KEDAR NATH BANERJEE Vs. ARDHA CHUNDER ROY
LAWS(PVC)-1901-7-13
PRIVY COUNCIL
Decided on July 31,1901

KEDAR NATH BANERJEE Appellant
VERSUS
ARDHA CHUNDER ROY Respondents

JUDGEMENT

Banerjee, J - (1.) In these appeals, which arise out of applications for execution of certain rent decrees for sums not exceeding Rs. 500, the main question for determination is whether an application for the execution of a decree obtained by two or more joint-landlords for their share of the rent is governed by the special rule of limitation laid down in Art. 6 of Schedule III of the Bengal Tenancy Act, or by the general law of limitation, namely, Art. 179 of the Second Schedule of Act XV of 1877.
(2.) If the special law of limitation applies, the applications for execution are barred, unless they can be treated as being in continuation of certain previous applications made within three years from the date of the decrees. If the general law of limitation governs the cases, the applications are in time. The Courts below have held that the applications, which are admittedly made by a co-sharer landlord for the execution of decrees for his share of the rent, are not governed by Art. 6 of Schedule III of the Bengal Tenancy Act, and are not barred by limitation; and hence these appeals by the judgment-debtor.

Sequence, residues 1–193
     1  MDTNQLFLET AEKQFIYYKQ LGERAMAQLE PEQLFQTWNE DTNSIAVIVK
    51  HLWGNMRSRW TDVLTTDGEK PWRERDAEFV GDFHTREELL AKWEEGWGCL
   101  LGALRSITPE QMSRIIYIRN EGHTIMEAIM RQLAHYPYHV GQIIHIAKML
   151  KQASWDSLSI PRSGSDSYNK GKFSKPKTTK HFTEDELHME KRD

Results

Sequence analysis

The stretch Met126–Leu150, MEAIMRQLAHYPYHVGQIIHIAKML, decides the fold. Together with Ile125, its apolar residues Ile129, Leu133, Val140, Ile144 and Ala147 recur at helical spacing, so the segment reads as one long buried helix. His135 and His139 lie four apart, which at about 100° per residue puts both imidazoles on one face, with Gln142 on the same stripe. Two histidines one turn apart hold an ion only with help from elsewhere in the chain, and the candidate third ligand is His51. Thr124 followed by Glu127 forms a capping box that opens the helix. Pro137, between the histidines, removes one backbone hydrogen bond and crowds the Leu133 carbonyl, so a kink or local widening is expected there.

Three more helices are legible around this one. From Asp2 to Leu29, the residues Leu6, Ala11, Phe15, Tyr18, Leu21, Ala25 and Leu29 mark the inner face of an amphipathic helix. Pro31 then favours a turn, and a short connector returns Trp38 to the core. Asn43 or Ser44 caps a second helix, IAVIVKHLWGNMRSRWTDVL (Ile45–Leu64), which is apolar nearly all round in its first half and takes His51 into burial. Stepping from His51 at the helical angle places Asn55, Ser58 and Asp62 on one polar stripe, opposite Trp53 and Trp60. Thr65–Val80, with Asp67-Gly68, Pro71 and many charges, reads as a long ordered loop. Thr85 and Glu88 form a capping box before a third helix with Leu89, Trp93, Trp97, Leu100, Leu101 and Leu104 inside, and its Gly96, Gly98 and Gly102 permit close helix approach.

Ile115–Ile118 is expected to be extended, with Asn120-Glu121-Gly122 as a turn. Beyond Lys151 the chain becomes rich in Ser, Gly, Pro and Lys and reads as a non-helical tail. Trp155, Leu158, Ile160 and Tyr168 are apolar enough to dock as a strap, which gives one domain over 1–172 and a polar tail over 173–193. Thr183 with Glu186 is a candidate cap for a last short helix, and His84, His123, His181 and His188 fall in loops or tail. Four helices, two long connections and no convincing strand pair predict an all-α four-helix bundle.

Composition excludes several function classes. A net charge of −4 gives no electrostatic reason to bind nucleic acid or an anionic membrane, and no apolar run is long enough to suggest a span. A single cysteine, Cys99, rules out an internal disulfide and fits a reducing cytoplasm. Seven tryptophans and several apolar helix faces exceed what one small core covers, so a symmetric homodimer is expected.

(3.) Babu Saroda Churn Mitter for the appellant contends that a suit by one of several joint landlords for his share of the rent, being a suit between landlord and tenant, is a suit under the Bengal Tenancy Act, and a decree made in such a suit is a, decree under that Act, although certain provisions of the Act, namely, those relating to the sale of tenures and holdings in execution of rent decrees, may not apply to such a decree. He argues that, if it were otherwise, if the special law of limitation did not apply to these cases, anomalous results would follow, such as this, that whereas a rent decree for a sum not exceeding five hundred rupees, if obtained by all the joint landlords suing together, must be completely executed within three years a co-sharer landlord obtaining such a decree can keep it alive for execution against the tenant for twelve years by making successive applications at intervals of three years. And in support of his contention he relies upon Secs.143 and 144 of the Bengal Tenancy Act, and the cases of Prem Chand Nuskur V/s. Mokshoda Debi (1887) I. L. R. 14 Calc. 201, Narain Mahton V/s. Manofi Pattuk (1890) I. L. R. 17 Calc. 489 and Parameswar Nomosudra V/s. Kali Mahun Nomosudra (1900) I. L. R. 28 Calc. 127. On the other hand Babu Nilmadhub Bose for the respondent argues that the only rent decrees, which can be treated as decrees under the Bengal Tenancy Act, are decrees obtained by the entire body of landlords, that a decree obtained by one of several joint landlords for his share of the rent is one obtained independently of that Act; and that the anomaly pointed out by the other side may be explained by the fact that a co-sharer landlord cannot obtain satisfaction of his rent decree by the sale of the tenure or holding in arrear, and the Legislature may, in consideration of that fact, have thought it fit to allow him a longer time for realizing the amount of his decree. And in support of this argument reliance is placed upon Section 188 of the Bengal Tenancy Act, and the cases of Beni Madhub Roy V/s. Jaod Ali Sircar (1890) I. L. R. 17 Calc. 390, Durga Charan Mandal V/s. Kali Prasanna Sarkar (1899) I. L. R. 26 Calc. 727, and Sadagar Sircar v. Krishna Chandra Bath (1899) I. L. R. 26 Calc. 937. It is further contended for the respondent that, even if the cases were governed by the special law of limitation, the applications were not barred, as they were made in continuation of previous applications, which were in time.;


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